A Naval Biographical Dictionary/Addendum: Hamond, Andrew Snape

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HAMOND. (Captain, 1846.)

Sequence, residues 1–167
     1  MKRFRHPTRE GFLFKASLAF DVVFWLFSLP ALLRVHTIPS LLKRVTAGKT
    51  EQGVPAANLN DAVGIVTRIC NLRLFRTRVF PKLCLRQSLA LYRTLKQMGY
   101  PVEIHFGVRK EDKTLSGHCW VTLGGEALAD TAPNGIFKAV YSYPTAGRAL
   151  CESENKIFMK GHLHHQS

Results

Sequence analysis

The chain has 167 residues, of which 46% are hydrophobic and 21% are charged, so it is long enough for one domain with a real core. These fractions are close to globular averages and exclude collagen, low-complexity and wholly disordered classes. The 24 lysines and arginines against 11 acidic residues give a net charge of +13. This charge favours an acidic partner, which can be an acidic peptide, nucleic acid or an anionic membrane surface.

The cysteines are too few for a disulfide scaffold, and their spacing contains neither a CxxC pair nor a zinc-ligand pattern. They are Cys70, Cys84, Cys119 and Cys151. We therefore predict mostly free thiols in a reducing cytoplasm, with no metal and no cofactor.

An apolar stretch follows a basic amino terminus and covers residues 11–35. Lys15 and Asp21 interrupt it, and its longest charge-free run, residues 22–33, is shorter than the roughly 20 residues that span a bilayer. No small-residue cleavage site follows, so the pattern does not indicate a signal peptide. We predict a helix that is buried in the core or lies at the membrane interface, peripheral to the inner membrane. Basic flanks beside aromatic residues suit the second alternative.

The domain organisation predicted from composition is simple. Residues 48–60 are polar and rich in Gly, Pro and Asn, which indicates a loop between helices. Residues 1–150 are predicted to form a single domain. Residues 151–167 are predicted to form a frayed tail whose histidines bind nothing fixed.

Andrew Snape Hamond was much employed in the Talbot in the suppression of piracy in the Archipelago, and was present at the capture of a piratical corvette of 18 guns from under the batteries at Hydra. He assisted also at the reduction, by the combined forces of Great Britain and France, of Morea Castle, the last hold of the Turks in the Peloponnesus. When a Lieutenant of the Melville he obtained the thanks of the Royal Humane Society on vellum “for his gallant attempt to save the life of Lieut. John Gore, on the occasion of his jumping overboard in a heavy gale of wind off the Cape of Good Hope to save the life of a seaman.” Lieut. Jas. Lewis Fitzgerald, and several others who united in the vain endeavour to rescue Mr. Gore, were drowned. In 1839, while on his passage home from the West Indies in the Pigeon packet, Capt. Hamond, at personal risk, and with injury indeed to himself, was the means of preserving that vessel from being burnt at sea, by extinguishing a fire which, through the carelessness of her crew, had broken out in the hold. The Salamander he commanded for nearly five years. During that period he proved instrumental, by the valuable assistance he afforded, to the suppression of an alarming conflagration which broke out, and lasted for two days, in the town of Valparaiso, For his conduct he received, as did his officers and ship’s company, many of whom were hurt, the special thanks of the President of Chili, the Governor of Valparaiso, and his own Commander-in-Chief, Rear-Admiral Rich. Thomas. He was also for two years employed at Otaheite; and for several important services which he there performed he was promoted to the rank he now holds, at the particular recommendation of Sir Geo. Fras. Seymour, who had succeeded Rear-Admiral Thomas. Capt. Hamond has taken out a patent for a plan, which has been successfully tried, of reefing and of taking off paddle-floats. He is the inventor, likewise, of a system of connecting and disconnecting engines; and of a new and approved principle of propelling vessels, without the aid of wheels or screw.

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